Background and Aims Sanqi ginseng (Panax notoginseng) growth is often hampered by replant failure. In this study, we aimed to examine the role of autotoxicity in Sanqi replant failures and assess the role of ginsenosides in autotoxicity. Methods The autotoxicities were measured using seedling emergence bioassays and root cell vigor staining. The ginsenosides in the roots, soils, and root exudates were identified with HPLC-MS. Results The seedling emergence and survival rate decreased significantly with the continuous number of planting years from one to three years. The root exudates, root extracts, and extracts from consecutively cultivated soils also showed significant autotoxicity against seedling emergence and growth. Ginsenosides, including R1, Rg1, Re, Rb1, Rb3, Rg2, and Rd, were identified in the roots and consecutively cultivated soil. The ginsenosides, Rg1, Re, Rg2, and Rd, were identified in the root exudates. Furthermore, the ginsenosides, R1, Rg1, Re, Rg2, and Rd, caused autotoxicity against seedling emergence and growth and root cell vigor at a concentration of 1.0 µg/mL. Conclusion Our results demonstrated that autotoxicity results in replant failure of Sanqi ginseng. While Sanqi ginseng consecutively cultivated, some ginsenosides can accumulate in rhizosphere soils through root exudates or root decomposition, which impedes seedling emergence and growth. PMID:25695831

  2. A radiographic study of the effect of various retrograde fillings on periapical healing after replantation.

    PubMed

    Andreasen, J O; Pitt Ford, T R

    1994-12-01

    An effective retrograde sealing procedure places great demands upon both technique and materials. Prevention of micro-leakage, biocompatibility and stability of the material in the apical tissues are very important. To evaluate potential retrograde filling materials, a replantation model has been developed in which extracted permanent molars were replanted in monkeys after apicectomy of each root, preparation of a 2-mm deep retrograde cavity and its sealing with various dental materials. Prior to retro-filling the remaining pulp was exposed to saliva. Apicected molars which were infected and did not receive retrograde fillings served as positive controls. Periapical healing was evaluated radiographically after 8 weeks based on planimetric measurements of the size of the periapical radiolucency. The following dental materials were tested: amalgam, glass ionomer cement, calcium-hydroxide lining cement, AH 26 root canal sealer, various zinc oxide-eugenol cements, Cavit, and gutta-percha with various sealers. The materials which were associated with better apical healing than the infected controls were glass ionomer cement, Cavit, and the zinc oxide-eugenol cements. When plain zinc oxide-eugenol or IRM were combined with a gutta-percha core, healing was best and not statistically different from normal apices. It was concluded that radiographic assessment at 8 weeks of molar teeth retrograde filled prior to replantation could be a valuable method for discrimination of potentially useful materials in vivo. PMID:7867616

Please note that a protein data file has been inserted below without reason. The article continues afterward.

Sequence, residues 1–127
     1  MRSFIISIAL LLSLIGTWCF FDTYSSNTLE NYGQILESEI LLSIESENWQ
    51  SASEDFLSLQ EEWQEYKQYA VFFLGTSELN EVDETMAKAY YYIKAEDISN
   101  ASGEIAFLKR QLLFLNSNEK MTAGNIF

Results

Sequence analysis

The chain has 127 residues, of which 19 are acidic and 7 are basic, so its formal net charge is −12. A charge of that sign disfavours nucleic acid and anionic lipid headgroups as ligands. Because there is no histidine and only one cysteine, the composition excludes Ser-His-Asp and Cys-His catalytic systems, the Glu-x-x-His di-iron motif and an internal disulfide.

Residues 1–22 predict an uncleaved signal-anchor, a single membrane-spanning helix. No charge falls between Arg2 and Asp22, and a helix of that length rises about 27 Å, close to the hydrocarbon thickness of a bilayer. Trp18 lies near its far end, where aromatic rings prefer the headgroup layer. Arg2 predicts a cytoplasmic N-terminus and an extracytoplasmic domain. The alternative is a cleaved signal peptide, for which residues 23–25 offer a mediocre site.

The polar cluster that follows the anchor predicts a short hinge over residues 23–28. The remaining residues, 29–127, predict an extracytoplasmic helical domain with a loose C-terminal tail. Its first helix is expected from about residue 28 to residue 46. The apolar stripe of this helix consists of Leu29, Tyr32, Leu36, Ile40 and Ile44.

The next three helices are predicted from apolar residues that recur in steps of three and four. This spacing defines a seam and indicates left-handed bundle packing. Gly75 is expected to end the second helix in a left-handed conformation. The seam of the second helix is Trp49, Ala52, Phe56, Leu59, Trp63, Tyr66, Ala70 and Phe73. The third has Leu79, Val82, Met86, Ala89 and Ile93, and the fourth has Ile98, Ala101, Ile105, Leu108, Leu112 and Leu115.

3. About APPLE II Operation

    SciTech Connect

    Schmidt, T.; Zimoch, D.

    2007-01-19

    The operation of an APPLE II based undulator beamline with all its polarization states (linear horizontal and vertical, circular and elliptical, and continous variation of the linear vector) requires an effective description allowing an automated calculation of gap and shift parameter as function of energy and operation mode. The extension of the linear polarization range from 0 to 180 deg. requires 4 shiftable magnet arrrays, permitting use of the APU (adjustable phase undulator) concept. Studies for a pure fixed gap APPLE II for the SLS revealed surprising symmetries between circular and linear polarization modes allowing for simplified operation. A semi-analytical model covering all types of APPLE II and its implementation will be presented.

  4. About APPLE II Operation

    NASA Astrophysics Data System (ADS)

    Schmidt, T.; Zimoch, D.

    2007-01-01

    The operation of an APPLE II based undulator beamline with all its polarization states (linear horizontal and vertical, circular and elliptical, and continous variation of the linear vector) requires an effective description allowing an automated calculation of gap and shift parameter as function of energy and operation mode. The extension of the linear polarization range from 0 to 180° requires 4 shiftable magnet arrrays, permitting use of the APU (adjustable phase undulator) concept. Studies for a pure fixed gap APPLE II for the SLS revealed surprising symmetries between circular and linear polarization modes allowing for simplified operation. A semi-analytical model covering all types of APPLE II and its implementation will be presented.